To What Extent Did The Needs Of British Manufactur

529 Words3 Pages
The needs of British manufacturers certainly did contribute to the expansion of the slave trade from 1760 – 1800 as they needed all sorts of materials for making what they did, However, there were other factors that contributed as well such as consumer demand, the profitability of the slave trade, the need for a labour force on the plantations and the development of the triangular trading system. Consumer demand was high during the slave trade from all types of industry for example; coal, metal, and ship building materials needed to make the ships that would trade and transport slaves were high on the demand list. It wasn’t just the industries demanding, it was the British public who now had a taste for the Caribbean goods such as sugar, rum, tobacco, coffee and cotton for clothes. The introduction of tobacco had high demand as people would become literally addicted to it. So this was also a key factor in the expansion of the slave trade. The profitability of the slave trade was enormous for any job involved especially people like merchants, bankers and financiers who were very keen to invest in the development of plantations, purchase of slaves and in the building of ships to carry the slaves and goods since they made such huge profits on their original investment. But also the plantation owners who did not have to pay for the labour as the slaves obviously were forced to work with no pay could profit from this. Of course, the slaves, however, did not profit from this at all. At this time there was a need for a labour force to work the lucrative plantations and so this was the basis on which the slave trade was formed. When Britain won the Asiento contract in 1713 to supply Spanish colonies with slaves they gained total dominance of the West African slave trade to the Caribbean and the West Indies. Planters in the West Indies and Caribbean needed a labour force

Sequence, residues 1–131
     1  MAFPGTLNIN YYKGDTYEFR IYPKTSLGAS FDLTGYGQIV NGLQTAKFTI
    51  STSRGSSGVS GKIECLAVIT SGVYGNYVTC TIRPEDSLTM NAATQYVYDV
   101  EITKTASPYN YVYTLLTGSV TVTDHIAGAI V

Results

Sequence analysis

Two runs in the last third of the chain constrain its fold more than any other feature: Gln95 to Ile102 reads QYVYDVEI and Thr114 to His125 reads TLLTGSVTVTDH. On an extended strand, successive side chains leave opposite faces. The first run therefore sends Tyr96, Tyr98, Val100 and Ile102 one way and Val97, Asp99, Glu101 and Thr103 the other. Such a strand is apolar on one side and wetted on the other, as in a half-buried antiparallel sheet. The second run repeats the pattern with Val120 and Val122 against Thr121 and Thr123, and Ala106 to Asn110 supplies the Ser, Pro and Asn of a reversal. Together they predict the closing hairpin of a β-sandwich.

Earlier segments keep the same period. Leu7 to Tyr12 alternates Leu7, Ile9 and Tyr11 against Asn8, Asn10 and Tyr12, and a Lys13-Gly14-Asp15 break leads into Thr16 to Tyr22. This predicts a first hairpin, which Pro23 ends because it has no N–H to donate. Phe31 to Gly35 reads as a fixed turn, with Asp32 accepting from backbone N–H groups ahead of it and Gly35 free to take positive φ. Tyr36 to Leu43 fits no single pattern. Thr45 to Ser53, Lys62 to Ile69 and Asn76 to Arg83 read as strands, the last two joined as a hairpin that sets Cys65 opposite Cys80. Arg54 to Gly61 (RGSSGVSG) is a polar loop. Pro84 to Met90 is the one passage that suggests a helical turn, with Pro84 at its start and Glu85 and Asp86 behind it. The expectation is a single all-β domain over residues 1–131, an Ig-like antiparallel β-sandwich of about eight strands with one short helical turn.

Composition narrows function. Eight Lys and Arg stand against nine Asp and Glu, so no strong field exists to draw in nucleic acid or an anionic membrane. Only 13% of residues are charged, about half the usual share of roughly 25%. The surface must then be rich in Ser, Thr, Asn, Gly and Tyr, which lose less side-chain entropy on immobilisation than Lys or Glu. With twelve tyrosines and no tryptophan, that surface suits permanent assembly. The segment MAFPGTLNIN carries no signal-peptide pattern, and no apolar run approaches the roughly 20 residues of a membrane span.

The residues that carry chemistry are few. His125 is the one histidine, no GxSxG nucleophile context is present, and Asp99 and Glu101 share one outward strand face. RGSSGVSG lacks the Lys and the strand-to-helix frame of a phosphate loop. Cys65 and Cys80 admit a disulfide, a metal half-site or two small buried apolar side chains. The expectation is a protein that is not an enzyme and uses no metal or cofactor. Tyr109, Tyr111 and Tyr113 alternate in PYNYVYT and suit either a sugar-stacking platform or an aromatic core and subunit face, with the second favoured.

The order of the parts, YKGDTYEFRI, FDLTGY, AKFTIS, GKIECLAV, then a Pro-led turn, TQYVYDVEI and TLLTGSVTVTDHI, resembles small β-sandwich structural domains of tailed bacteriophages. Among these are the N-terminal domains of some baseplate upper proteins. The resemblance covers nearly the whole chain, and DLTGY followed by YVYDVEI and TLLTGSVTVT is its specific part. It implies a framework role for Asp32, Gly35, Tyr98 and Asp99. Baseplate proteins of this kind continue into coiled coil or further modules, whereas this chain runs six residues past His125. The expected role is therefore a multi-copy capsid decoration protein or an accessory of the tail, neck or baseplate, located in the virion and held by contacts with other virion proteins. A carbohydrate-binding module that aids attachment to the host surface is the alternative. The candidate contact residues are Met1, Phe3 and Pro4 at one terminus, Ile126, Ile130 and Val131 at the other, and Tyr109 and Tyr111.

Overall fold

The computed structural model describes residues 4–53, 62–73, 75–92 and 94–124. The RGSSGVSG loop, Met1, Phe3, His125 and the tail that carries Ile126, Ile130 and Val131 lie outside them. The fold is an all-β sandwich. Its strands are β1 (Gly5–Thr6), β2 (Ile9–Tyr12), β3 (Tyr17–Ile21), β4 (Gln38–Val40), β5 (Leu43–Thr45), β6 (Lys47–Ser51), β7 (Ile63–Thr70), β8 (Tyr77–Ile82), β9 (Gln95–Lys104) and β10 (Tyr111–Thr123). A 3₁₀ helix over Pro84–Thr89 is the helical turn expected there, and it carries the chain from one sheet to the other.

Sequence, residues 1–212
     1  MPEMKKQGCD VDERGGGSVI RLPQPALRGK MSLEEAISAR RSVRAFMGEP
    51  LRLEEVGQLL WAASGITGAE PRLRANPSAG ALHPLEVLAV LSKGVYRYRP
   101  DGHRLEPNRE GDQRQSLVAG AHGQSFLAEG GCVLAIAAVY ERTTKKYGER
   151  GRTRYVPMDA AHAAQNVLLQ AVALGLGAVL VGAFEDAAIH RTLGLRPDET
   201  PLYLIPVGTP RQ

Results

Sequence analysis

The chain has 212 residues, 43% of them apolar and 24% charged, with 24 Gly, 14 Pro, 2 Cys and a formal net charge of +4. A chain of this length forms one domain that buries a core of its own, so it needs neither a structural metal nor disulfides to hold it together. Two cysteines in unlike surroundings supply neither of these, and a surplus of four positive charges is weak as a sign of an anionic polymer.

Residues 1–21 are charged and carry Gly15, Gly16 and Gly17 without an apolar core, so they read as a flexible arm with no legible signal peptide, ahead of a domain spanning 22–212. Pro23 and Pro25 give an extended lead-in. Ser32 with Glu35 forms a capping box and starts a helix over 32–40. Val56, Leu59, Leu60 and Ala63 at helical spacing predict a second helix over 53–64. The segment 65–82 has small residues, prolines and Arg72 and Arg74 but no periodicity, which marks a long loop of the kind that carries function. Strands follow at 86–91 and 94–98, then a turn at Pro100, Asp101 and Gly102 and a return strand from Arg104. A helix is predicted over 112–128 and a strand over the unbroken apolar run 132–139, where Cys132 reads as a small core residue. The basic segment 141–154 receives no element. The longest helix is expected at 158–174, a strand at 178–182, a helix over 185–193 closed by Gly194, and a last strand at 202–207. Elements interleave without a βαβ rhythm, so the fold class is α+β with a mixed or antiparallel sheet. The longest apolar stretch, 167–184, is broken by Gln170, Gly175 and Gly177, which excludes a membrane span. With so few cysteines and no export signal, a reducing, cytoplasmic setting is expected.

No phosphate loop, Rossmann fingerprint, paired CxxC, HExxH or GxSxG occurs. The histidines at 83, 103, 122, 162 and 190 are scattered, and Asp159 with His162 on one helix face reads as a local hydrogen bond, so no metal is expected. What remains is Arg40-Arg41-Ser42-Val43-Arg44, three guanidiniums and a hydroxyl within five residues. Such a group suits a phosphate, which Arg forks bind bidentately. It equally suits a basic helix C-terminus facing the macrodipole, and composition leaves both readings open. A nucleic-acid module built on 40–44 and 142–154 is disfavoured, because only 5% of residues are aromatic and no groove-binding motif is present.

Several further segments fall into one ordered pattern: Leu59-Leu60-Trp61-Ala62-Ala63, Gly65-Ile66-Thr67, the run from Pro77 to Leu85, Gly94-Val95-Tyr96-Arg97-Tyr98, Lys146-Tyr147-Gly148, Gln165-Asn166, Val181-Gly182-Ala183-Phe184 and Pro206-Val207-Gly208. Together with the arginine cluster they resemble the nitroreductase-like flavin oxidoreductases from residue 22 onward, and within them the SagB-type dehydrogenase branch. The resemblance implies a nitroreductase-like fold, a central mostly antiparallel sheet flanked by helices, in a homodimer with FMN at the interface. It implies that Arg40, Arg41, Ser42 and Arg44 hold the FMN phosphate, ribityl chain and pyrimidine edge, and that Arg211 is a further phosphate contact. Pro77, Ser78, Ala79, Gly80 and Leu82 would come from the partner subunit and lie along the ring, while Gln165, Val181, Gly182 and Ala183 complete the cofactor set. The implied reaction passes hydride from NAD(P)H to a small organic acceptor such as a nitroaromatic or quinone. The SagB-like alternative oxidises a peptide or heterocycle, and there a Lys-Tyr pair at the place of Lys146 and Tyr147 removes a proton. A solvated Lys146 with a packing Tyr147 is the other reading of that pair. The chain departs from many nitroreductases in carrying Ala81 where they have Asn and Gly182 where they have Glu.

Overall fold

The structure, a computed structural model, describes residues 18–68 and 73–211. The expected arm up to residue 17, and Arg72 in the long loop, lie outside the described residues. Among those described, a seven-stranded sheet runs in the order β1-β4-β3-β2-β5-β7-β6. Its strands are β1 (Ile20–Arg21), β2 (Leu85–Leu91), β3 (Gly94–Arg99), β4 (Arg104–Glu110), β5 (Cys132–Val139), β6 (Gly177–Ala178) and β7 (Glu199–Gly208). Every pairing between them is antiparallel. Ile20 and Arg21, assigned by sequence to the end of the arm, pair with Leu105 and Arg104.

Open Document